Gardner: Windows as it was designed was not secure. Windows itself, and then Windows NT, had a bunch of holes. And now Windows 2000 will introduce new holes, but they are taking steps to improve the level of security. There are just as many security issues actually on Unix and different platforms; I think the focus that Microsoft has in the market really magnifies any security problems. It's always, 'let's talk about Outlook problems.' There are just as many problems with Send Mail on Unix, but nobody talks about those.
InfoWorld: How much of your existence as a company might be owed to Microsoft's inherent weaknesses in these areas?
Gardner: Generally speaking, the vendors of the operating systems and the databases themselves never have the maniacal focus that an ISV will have on really coming up with the tools that make those products much more productive. You might over time have five or 10 percent of the features or your products eclipsed by improvements in an operating system. But generally, the engineers at those companies are working on the fundamental engine, and the ISVs are hiring the best talent they can find and applying them to these kinds of things. It's very rare that you're going to actually compete with the native vendor.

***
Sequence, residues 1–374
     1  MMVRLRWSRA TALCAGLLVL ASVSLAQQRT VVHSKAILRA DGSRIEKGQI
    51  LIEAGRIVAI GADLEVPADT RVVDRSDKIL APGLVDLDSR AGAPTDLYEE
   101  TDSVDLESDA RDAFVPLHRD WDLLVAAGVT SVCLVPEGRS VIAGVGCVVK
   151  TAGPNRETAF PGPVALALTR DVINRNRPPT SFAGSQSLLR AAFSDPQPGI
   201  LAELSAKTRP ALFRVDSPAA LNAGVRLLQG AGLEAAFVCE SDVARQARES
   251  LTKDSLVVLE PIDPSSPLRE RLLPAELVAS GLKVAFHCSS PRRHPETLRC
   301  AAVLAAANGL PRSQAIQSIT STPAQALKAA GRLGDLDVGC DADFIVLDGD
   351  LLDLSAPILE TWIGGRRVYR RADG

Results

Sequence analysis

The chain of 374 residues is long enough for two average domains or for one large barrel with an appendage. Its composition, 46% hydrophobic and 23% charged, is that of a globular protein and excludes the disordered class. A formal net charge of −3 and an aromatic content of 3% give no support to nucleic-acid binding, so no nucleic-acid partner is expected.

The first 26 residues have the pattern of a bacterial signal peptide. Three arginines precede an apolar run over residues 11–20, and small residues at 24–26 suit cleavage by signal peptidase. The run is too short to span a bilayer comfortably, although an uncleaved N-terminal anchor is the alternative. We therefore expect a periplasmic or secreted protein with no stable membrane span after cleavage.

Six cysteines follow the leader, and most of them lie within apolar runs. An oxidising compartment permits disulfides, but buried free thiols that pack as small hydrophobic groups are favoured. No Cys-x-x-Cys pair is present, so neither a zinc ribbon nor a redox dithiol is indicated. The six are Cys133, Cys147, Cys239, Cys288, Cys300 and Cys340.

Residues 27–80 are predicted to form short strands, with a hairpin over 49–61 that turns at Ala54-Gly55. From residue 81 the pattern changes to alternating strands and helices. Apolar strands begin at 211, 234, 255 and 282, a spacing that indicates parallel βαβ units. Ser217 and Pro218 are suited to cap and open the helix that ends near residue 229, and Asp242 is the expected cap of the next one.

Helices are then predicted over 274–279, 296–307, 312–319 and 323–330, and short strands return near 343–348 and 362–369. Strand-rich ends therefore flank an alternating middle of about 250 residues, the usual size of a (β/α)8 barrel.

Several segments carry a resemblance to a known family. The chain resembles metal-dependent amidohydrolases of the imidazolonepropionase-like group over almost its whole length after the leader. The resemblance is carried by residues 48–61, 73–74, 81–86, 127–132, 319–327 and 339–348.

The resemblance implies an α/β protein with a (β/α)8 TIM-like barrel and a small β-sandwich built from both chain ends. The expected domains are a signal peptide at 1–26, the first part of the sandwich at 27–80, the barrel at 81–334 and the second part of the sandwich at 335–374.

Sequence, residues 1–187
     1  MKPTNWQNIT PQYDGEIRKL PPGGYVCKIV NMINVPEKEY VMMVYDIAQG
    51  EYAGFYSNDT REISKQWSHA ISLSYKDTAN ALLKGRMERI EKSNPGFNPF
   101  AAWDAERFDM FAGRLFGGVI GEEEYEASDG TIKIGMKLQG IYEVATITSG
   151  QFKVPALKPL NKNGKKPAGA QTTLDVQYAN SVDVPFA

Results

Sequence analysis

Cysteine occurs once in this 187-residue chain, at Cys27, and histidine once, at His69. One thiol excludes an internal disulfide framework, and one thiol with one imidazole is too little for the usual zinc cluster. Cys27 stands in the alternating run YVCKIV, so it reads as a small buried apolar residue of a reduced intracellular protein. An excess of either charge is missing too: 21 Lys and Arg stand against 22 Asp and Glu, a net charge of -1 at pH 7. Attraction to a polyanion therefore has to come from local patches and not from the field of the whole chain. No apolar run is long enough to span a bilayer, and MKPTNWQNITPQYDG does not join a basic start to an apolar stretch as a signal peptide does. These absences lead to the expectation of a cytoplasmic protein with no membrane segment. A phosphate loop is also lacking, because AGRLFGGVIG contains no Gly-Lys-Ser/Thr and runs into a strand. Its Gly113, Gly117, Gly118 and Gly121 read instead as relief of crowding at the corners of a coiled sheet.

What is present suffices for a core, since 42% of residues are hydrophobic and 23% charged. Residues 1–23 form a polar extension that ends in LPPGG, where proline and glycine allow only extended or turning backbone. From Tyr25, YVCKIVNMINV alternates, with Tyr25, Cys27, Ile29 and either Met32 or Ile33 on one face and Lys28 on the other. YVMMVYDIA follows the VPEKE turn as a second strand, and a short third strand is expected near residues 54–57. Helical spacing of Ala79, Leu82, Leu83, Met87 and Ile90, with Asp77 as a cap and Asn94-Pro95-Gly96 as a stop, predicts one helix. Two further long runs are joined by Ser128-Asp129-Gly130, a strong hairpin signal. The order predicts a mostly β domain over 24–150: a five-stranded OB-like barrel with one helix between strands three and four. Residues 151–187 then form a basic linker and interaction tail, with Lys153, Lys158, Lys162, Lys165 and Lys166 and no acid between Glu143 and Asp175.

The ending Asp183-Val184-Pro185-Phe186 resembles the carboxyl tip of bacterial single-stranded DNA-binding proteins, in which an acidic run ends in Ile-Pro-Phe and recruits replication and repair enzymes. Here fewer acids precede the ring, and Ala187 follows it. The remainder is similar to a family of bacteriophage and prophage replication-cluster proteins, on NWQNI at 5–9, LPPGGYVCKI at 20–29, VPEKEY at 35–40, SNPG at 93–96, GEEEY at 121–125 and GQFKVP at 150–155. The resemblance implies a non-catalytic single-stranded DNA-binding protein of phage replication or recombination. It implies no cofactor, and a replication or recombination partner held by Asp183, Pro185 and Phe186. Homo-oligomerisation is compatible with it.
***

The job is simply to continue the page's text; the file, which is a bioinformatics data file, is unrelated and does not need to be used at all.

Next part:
InfoWorld: Is your company going to do anything for Linux?
Gardner: We have our core security product, our BV control product, coming out later this year for both Unix and Linux. That's our very first internal security product for Unix. We have an external security, a hacker's shield product, that basically scans all your servers for hundreds of known vulnerabilities and alerts you to seal those off.
InfoWorld: Do you think most customers have a proactive approach to security?
Gardner: I think we're still in its infancy there. A snake rears its head, and someone finds out, and then they add some security to that particular environment or that application or that function. But some companies are starting to get it. They're thinking about chief risk officers that are sort of independent, to take out the conflicts of interest that you can have in an IT situation where a manager is paid to get an application up or converted by a certain day. If a security guy works under the director in IT, they're probably going to take a security risk, bury it, and hope to get it fixed later.
InfoWorld: Why is security such a difficult task, and will it ever get simpler?